ANOTHER grenade has been lobbed into the compact off-roader battlefield with the arrival of the Mitsubishi ASX.  The sector has boomed more than 30 per cent this year, with the likes of the Nissan Dualis and Suzuki Grand Vitara fighting for share with the recently arrived – and immediately popular – Hyundai ix35.

The Mitsubishi ASX wants a big slice of that ground, and has been armed with a sharp and pointy price of $25,990 to do battle at the base level 2WD with manual gearbox ($2500 extra for the CVT). The 4WD is $31,990 and the top-spec Aspire is $36,990 – both with either six-speed manual or CVT transmission.

Also in its arsenal are excellent quality and fit-out for that price, plus solid comfort and handling.  Mitsubishi expects to sell around 350 per month, but that number is limited by quota “The response from dealers suggests we could now do closer to 450 – if we could get them - but we’re constrained until the end of the year at least,” says Mitsubishi Australia’s sales vice-president Anthony Casey.

He admits they underestimated demand for the vehicle, but says the global financial crisis was a strong factor in the decision.  “The problem is that you do these things 18 months out, and 18 months ago the world looked like it was going to hell in a handbasket - but that didn’t quite happen in Australia, of course,” Casey says.

“But getting more than we’d originally planned for is going to be hard work.”  Casey says they’re not concerned that the ASX might poach buyers from the Outlander, but the Lancer hatch could fall victim.  If there is any cannibalisation, it will be on Lancer hatch - maybe 100 a month,” he says.


The ASX has both diesel and petrol engines, with the latter being the 110kW/197Nm 2.0-litre, four-cylinder MIVEC petrol engine from the Lancer, mated to either a five-speed manual or a six-speed continuously-variable transmission (CVT) with paddle-shifters on the steering wheel.

The diesel is an all-new – and all-Mitsubishi – 1.8-litre turbo unit, with 110kW and 300Nm being delivered via a six-speed manual transmission. The Outlander has donated its three-mode electronic four-wheel drive system, that allows you to switch between front-wheel, all-wheel and locked modes.

The diesel manual 4WD is the economy winner at 5.8L/100km, with the 2WD using 7.7L in manual and 7.9L in CVT versions, while the 4WD with CVT comes in at 8.1L. Stop-start technology is available in Europe, with a brake regenerative system capturing energy for the battery during deceleration and braking.

But it is tied to smaller engines than the ones we’re getting, and Mitsubishi product manager Craig Maxted says there’s little fuel economy benefit. “Over there, it’s been used mainly to improve emissions, and it doesn’t do a lot for fuel – about 0.2L/100km less is all,” Maxted says.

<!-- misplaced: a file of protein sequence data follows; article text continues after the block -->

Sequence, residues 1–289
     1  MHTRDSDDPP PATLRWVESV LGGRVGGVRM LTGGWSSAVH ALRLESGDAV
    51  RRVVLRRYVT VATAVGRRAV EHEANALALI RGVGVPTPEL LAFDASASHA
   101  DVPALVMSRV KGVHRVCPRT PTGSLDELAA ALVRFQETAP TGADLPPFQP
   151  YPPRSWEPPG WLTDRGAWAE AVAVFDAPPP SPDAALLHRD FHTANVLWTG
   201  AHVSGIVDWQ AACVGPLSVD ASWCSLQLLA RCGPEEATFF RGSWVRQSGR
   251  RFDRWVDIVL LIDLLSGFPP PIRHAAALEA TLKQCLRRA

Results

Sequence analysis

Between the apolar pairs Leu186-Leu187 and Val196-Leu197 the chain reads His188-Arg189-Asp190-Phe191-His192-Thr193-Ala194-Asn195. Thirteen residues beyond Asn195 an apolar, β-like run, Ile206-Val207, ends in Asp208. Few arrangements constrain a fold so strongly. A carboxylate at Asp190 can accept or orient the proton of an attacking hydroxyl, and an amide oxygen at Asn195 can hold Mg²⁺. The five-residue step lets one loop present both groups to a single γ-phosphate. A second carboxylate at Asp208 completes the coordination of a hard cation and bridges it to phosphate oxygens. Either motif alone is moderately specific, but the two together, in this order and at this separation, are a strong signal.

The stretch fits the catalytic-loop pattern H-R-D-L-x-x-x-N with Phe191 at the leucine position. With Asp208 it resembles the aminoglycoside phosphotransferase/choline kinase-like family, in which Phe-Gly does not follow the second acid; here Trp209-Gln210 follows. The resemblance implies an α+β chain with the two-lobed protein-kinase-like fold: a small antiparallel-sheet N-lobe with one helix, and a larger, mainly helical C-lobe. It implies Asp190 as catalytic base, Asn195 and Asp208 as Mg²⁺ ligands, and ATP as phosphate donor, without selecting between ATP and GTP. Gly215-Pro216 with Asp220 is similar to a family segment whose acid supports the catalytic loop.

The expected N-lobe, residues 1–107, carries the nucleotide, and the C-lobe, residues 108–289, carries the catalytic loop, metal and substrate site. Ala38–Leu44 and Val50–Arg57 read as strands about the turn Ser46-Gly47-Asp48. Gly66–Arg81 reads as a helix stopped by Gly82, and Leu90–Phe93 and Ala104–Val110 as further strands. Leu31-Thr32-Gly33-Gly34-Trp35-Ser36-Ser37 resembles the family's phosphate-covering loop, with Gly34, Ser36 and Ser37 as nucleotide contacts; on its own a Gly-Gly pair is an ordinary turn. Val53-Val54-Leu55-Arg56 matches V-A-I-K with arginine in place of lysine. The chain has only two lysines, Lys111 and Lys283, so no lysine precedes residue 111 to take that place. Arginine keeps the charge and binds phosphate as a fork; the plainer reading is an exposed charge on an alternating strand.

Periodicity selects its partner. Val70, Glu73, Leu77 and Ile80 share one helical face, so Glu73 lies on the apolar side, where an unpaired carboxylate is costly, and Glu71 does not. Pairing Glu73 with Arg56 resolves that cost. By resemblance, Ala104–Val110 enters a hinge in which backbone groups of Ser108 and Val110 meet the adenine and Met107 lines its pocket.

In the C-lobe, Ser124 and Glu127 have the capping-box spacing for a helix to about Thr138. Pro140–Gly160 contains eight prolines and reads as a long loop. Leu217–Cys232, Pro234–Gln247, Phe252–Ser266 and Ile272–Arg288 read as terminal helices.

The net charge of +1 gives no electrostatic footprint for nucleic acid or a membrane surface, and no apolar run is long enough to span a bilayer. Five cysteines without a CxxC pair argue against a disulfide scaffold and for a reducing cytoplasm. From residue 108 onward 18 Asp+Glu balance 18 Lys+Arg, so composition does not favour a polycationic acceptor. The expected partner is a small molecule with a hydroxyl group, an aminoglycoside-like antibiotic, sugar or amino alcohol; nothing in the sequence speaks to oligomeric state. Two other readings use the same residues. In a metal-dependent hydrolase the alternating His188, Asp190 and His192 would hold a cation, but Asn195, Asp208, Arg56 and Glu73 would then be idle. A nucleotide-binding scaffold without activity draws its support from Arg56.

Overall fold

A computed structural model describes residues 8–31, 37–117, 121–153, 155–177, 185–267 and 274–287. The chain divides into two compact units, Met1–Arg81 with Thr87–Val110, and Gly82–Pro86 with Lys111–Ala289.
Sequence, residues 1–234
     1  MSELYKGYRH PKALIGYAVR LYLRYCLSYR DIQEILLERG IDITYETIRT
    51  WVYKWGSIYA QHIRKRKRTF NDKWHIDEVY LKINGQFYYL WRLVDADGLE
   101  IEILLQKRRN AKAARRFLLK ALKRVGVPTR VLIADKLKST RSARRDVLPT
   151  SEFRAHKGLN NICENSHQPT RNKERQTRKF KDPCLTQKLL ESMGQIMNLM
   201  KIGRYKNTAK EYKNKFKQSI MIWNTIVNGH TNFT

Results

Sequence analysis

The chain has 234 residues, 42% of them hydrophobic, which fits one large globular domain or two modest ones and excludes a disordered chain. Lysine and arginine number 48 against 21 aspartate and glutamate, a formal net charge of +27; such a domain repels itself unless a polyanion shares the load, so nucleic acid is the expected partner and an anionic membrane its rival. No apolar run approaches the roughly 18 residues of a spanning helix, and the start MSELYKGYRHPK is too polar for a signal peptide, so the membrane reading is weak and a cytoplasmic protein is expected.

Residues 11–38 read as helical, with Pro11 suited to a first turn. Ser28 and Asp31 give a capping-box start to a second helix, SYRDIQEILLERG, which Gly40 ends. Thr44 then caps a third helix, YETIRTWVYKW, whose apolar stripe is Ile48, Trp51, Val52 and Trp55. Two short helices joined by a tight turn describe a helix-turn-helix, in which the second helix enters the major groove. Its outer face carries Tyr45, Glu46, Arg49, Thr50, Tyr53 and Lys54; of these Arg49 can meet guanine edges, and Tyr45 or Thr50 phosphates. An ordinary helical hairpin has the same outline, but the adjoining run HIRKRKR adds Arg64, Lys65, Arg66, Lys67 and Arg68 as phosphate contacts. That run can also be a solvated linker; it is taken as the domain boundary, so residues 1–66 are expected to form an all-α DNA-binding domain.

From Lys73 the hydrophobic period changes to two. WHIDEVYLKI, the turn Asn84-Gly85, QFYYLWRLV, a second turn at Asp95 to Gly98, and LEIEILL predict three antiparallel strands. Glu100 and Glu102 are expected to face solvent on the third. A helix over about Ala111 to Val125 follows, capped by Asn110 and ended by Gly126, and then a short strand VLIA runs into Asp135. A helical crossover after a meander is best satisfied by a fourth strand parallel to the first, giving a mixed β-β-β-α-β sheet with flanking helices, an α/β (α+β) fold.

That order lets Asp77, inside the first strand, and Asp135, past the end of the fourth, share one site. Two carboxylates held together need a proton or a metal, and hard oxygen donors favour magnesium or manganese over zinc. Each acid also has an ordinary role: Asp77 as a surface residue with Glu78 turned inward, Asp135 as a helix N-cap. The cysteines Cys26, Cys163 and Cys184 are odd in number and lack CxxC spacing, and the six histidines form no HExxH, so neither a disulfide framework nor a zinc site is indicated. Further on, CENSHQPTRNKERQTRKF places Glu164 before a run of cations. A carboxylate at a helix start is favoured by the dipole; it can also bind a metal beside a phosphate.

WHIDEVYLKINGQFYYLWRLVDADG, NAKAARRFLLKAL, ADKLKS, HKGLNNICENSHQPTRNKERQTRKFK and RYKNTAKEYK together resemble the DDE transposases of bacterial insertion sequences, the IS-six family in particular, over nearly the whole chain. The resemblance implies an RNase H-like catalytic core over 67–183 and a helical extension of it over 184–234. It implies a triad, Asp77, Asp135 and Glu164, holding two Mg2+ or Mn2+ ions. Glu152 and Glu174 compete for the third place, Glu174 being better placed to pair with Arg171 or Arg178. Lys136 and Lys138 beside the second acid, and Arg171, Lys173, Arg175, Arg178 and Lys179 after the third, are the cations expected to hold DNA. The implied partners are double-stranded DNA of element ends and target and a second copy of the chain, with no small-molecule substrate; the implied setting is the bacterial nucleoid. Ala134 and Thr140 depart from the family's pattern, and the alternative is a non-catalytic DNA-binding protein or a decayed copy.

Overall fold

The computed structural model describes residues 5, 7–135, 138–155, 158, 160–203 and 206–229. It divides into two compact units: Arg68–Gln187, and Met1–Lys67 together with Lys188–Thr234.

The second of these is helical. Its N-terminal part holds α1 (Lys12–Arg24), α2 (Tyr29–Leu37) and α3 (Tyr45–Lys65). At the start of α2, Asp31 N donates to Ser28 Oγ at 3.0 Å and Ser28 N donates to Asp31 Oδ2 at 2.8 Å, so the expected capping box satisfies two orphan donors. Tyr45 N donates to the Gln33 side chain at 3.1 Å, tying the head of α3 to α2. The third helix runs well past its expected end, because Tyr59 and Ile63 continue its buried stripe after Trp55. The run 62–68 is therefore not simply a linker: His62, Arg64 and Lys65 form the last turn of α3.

Body and styling

The ASX was seeded from the cX concept that was unveiled in 2007 at Frankfurt motor show, and developed on the Outlander platform – sharing that baseline with the brand’s hero performer, the Lancer Evolution.

It’s 34.5cm shorter than the Outlander and at around 1450kg is some 200kg lighter, but there are similar styling cues around the front from the Mitsubishi family face, however at the rear it has a much neater look, although it misses out on the sibling’s handy split-fold tailgate.

Fit-out and equipment

Mitsubishi has put some effort into the cabin, which punches above its price point’s weight with quality plastics and a stacked equipment list. Standard kit includes telescopic steering column, stability control, hill-start assist, anti-skid brakes with brakeforce distribution and assistance for extra help.

Mitsubishi expects to win five safety stars in crash-testing being done now, helped by a strong body with ‘crush box’ crumple zones and standard fitment of seven airbags, including a driver-knee one. The spare is a space saver, but there’s a full-size option available - although it cuts into the floor space.


The ASX is designed for comfort rather than speed, and delivers on that promise. While they’re on the flattish side, the seats are firm but supportive. And the interior is filled with quality soft-touch finishes that lend an almost premium hint – and shame one or two of its higher-priced rivals.

The cabin is quiet and well-isolated from all but the worst bumps and vibration. There’s some air rush around the windscreen at highway speeds, but aside from that no noise intruded except over the kind of coarse-chip bitumen that no amount of noise damping can save you from.

The diesel has the better torque, but is a bit clattery from idle, although that improves as you wind it up. Our vote went to the 2.0-litre petrol, but with the CVT automatic transmission, you need to keep the revs up above 3000rpm to stir it along with any real urgency, but the steering wheel paddles make this an easy task.

The manual naturally has more luck in keeping the engine stirred up, but while it was a fairly smooth shift we couldn’t get to like the touch of notchiness – and the stretch for fingers trying to reach for the reverse ring on the shaft. Mitsubishi is confident that the female buyers (towards whom it believes the sub-compact class is skewed) will head for the automatic transmission.

Although the ride is remarkably comfortable, the ASX doesn’t feel sluggish, with good turn-in from decently-weighted steering. While the suspension is set up to aid comfort, there’s far less body roll than in some of its rivals, and the brakes pull it up neatly.  Overall, it’s a stable and confident performer, and is kitted out far better than you’d expect for the price.